As students and parents try to grapple with the fallout from the cancellation of GCSEs A-Level exams this year across the world due to the coronavirus pandemic, Cambridge Assessment International Education (CAIE), the body that conducts the exams, has included students’ progression in Candy Crush, more specifically, the level they had achieved up until March 18, as a metric to assess their likely grade.
Uzma Yousuf, Country Director, Pakistan of CAIE, said in a statement, “The Candy Crush assessment method is a widely accepted and accurate way of predicting a student’s grade in any given subject. Those who have progressed to levels 200 and above are obviously better able to structure pairs of five candies more efficiently and frequently to convert them into a donut that, as we all know, makes all the difference at those higher levels”.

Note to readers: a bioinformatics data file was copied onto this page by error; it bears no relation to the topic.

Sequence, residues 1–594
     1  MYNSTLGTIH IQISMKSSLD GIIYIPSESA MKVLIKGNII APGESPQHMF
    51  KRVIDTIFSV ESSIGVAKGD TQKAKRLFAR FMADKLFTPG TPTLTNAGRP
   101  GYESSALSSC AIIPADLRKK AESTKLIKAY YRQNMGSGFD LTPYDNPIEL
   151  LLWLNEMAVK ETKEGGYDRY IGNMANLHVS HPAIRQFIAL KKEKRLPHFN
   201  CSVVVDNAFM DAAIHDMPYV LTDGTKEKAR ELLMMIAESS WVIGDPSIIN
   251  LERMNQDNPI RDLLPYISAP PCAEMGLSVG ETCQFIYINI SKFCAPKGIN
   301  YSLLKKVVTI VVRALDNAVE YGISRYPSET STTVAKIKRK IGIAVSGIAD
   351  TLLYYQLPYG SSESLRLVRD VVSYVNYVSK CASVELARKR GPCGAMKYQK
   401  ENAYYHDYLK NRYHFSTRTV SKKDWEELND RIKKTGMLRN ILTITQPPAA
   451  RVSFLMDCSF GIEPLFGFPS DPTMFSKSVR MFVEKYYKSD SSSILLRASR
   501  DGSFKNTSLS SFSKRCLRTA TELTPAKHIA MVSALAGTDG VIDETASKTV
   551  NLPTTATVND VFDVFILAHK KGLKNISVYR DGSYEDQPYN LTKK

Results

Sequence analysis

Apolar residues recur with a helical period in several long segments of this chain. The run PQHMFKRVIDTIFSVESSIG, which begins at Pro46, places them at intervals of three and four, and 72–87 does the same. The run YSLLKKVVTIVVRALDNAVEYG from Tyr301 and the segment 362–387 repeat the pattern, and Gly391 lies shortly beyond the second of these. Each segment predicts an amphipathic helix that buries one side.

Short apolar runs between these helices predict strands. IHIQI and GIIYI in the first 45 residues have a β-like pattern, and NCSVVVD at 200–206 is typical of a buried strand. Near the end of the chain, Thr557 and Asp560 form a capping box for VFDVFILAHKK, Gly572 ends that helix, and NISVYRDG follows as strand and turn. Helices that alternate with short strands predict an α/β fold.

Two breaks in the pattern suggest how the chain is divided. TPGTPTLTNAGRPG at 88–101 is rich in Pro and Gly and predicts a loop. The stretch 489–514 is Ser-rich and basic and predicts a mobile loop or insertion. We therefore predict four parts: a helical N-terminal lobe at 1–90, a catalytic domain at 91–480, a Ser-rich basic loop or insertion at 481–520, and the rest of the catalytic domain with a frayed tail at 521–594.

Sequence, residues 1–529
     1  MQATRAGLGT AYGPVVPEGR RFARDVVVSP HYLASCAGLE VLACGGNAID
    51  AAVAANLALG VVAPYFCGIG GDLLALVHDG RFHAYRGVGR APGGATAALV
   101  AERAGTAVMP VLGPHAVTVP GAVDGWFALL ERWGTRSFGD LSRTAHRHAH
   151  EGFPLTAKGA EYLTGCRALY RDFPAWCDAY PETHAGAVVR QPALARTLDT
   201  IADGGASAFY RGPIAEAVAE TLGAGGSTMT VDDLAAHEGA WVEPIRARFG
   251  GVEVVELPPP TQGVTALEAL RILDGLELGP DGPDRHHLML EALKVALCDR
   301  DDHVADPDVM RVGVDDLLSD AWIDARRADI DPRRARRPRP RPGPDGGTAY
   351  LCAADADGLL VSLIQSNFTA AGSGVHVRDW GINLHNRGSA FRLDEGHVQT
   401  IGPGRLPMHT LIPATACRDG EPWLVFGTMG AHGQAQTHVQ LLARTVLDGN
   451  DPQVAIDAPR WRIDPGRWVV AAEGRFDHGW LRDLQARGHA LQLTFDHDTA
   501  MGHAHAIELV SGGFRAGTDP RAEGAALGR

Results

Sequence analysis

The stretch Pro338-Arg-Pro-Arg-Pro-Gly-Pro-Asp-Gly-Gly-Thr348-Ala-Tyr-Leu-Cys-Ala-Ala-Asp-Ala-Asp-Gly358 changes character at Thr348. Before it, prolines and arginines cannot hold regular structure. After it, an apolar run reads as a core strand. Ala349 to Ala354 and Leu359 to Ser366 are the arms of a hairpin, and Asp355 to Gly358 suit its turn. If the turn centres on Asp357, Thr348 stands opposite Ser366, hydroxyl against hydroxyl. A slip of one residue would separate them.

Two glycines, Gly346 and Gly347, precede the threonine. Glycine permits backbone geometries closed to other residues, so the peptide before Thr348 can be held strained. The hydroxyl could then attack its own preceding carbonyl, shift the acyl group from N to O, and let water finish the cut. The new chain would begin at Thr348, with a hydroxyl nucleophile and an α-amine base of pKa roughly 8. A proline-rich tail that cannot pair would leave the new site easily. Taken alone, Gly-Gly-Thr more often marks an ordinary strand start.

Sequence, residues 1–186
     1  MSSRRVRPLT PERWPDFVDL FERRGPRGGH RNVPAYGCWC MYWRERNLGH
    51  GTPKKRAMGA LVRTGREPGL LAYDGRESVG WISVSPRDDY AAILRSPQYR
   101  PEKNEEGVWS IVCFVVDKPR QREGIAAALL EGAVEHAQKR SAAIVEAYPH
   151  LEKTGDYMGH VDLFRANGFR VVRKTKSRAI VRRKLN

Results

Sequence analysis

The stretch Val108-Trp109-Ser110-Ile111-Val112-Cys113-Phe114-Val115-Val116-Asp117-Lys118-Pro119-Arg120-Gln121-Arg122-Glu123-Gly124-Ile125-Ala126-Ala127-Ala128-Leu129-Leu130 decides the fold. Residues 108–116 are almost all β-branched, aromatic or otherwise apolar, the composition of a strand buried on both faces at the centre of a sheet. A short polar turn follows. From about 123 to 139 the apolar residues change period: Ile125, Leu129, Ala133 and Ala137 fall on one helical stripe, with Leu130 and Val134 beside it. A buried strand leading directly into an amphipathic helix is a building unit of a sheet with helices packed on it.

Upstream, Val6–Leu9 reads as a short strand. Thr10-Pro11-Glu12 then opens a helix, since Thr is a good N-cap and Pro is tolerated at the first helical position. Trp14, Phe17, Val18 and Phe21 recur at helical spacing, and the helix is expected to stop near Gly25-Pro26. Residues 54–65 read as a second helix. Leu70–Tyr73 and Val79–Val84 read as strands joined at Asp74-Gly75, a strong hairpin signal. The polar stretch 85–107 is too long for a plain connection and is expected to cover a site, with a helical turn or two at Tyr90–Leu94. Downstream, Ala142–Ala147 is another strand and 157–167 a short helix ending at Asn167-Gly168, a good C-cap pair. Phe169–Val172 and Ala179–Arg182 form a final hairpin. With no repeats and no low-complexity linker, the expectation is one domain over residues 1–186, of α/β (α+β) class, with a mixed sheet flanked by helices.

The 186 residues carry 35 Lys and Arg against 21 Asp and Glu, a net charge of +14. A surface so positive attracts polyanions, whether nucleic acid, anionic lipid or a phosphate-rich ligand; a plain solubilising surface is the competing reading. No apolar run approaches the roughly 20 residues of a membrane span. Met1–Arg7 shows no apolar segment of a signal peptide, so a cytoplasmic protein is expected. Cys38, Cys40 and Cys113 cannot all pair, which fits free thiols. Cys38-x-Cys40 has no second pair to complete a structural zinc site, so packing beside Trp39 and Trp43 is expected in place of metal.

“This is a welcome decision. If left only to my schoolwork and mocks, my result would have been terrible and not reflective of my true potential. I am a proud level-275 and it has taken years of dedicated candy crushing to get here. The entire month that I spent on level 214, just a few weeks before the mock exams, is finally paying off”, said an ecstatic Zaineb, student of LGS Defence Lahore.
However, many aren’t happy with the decision.
“This is unfair to some of us who voluntarily gave up our smart phones to our parents, in exchange for feature phones, six months before the A-Level exams to concentrate on our preparation. We are basically screwed!”, said a visibly distressed Murad, student of TNS, who was expecting straight A*s.
At time of filing of this report, COD Mobile and PUBG players had collected outside CAIE head office to demand a similar grade predicting option for their respective smartphone games. They were taken into custody by police for violating section-144 shortly after.